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All About Diverticulosis

The colon is a five-to-six foot long organ in the abdomen, whose main job is to absorb water from the food you eat in order to create solid stool.

Like all other organs, the colon survives based on blood supply. Its blood vessels enter the wall of the colon along its entire length.

At the sites where these vessels enter the colon, there becomes an inherent weakness in the colon wall. This can lead to pockets or outpouchings of the lining of the colon known as diverticula.

When these are present in your colon, a doctor will tell you that you have diverticulosis. That being said, diverticulosis itself is completely benign and asymptomatic. In most cases, it is identified on routine screening colonoscopy. Diverticulosis can develop in any part of your colon or diffusely throughout your colon.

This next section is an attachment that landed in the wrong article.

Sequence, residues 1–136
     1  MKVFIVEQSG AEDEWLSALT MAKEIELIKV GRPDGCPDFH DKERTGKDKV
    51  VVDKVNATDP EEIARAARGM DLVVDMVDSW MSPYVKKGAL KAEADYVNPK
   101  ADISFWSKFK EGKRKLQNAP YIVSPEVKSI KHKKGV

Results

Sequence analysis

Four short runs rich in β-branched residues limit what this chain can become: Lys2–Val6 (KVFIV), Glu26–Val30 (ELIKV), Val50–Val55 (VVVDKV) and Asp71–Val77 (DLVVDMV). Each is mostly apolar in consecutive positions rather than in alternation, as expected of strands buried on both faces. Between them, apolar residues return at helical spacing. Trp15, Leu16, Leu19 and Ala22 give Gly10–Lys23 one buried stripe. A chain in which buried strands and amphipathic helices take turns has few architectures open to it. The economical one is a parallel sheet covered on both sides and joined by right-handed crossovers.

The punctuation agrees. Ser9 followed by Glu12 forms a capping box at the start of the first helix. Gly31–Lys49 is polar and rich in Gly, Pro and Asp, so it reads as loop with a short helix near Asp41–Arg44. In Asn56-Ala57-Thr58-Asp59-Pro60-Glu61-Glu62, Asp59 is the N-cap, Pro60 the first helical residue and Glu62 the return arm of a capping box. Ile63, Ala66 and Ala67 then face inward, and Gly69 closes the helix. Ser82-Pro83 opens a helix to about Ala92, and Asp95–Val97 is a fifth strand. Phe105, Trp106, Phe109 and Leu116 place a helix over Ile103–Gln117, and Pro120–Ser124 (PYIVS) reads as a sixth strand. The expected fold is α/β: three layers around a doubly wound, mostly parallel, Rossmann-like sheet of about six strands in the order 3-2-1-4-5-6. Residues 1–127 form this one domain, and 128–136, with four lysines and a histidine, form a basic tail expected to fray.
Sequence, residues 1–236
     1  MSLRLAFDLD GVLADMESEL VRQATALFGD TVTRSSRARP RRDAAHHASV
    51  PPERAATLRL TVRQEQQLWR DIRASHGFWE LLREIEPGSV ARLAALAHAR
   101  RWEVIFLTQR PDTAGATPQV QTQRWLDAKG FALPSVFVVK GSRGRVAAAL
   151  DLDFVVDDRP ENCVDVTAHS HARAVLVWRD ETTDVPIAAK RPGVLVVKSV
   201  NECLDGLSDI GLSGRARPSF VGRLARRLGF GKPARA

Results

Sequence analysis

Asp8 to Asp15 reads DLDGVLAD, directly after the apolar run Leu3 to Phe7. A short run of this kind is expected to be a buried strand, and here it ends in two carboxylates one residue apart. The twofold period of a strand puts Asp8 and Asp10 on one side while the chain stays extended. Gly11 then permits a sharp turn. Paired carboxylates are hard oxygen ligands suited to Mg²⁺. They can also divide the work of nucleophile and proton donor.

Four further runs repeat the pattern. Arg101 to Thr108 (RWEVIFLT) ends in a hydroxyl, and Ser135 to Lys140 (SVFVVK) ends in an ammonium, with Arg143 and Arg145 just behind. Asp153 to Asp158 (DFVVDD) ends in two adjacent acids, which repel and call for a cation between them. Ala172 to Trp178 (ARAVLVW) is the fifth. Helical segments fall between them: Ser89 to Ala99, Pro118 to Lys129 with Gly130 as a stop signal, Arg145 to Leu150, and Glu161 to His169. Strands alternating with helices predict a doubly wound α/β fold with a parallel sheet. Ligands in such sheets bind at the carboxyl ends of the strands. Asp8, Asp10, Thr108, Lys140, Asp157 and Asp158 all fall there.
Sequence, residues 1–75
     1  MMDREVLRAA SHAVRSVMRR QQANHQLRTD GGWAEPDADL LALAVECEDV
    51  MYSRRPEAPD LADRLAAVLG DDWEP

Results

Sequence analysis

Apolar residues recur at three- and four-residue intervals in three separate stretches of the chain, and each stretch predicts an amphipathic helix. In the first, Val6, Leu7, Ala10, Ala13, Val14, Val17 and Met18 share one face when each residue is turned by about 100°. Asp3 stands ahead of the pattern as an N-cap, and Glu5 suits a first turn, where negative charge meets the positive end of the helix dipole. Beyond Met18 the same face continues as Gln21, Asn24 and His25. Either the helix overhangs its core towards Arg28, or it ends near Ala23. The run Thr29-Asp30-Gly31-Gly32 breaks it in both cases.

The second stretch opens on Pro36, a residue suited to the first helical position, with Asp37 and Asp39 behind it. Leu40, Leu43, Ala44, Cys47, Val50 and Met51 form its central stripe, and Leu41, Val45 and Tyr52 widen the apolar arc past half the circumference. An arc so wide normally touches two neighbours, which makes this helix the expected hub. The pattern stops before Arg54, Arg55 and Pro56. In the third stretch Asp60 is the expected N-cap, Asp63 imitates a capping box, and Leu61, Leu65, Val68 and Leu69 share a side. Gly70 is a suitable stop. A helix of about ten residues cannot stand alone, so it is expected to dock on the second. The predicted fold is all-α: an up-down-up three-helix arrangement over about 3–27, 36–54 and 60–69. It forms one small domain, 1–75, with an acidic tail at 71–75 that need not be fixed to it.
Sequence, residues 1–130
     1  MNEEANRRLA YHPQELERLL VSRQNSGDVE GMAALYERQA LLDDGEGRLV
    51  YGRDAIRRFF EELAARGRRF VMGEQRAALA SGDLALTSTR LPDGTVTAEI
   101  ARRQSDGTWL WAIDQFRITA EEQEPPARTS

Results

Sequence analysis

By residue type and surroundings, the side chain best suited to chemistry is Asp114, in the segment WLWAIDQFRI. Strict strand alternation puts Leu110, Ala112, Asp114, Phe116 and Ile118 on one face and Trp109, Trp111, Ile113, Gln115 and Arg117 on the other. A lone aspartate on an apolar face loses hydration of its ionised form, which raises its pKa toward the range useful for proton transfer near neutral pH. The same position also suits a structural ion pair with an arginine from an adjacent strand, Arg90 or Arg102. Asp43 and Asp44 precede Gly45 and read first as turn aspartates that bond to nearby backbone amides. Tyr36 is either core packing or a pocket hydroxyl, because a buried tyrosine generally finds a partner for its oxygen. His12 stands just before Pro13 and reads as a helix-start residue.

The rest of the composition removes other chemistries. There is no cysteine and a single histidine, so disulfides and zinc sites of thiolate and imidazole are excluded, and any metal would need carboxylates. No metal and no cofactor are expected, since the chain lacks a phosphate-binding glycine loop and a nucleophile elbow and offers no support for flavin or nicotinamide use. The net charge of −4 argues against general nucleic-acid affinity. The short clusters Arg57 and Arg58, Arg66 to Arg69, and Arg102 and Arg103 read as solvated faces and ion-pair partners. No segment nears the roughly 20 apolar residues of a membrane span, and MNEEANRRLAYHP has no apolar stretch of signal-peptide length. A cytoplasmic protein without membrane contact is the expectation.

Irregular bowel habits, particularly constipation, can lead to increased pressure in your colon thus contributing to the formation of diverticulosis. Therefore, consuming a high fiber diet and maintaining a regular bowel movement schedule can help limit their formation.

There are two main complications that can arise from diverticulosis: bleeding and diverticulitis. Bleeding is usually self-limited but needs mentioning as is a common cause of bright red blood per rectum. The second complication of diverticulosis is diverticulitis, covered elsewhere in detail.

Want to learn more about diverticulosis? Schedule your consultation with one of our board certified surgical experts today, (540) 347-2805.

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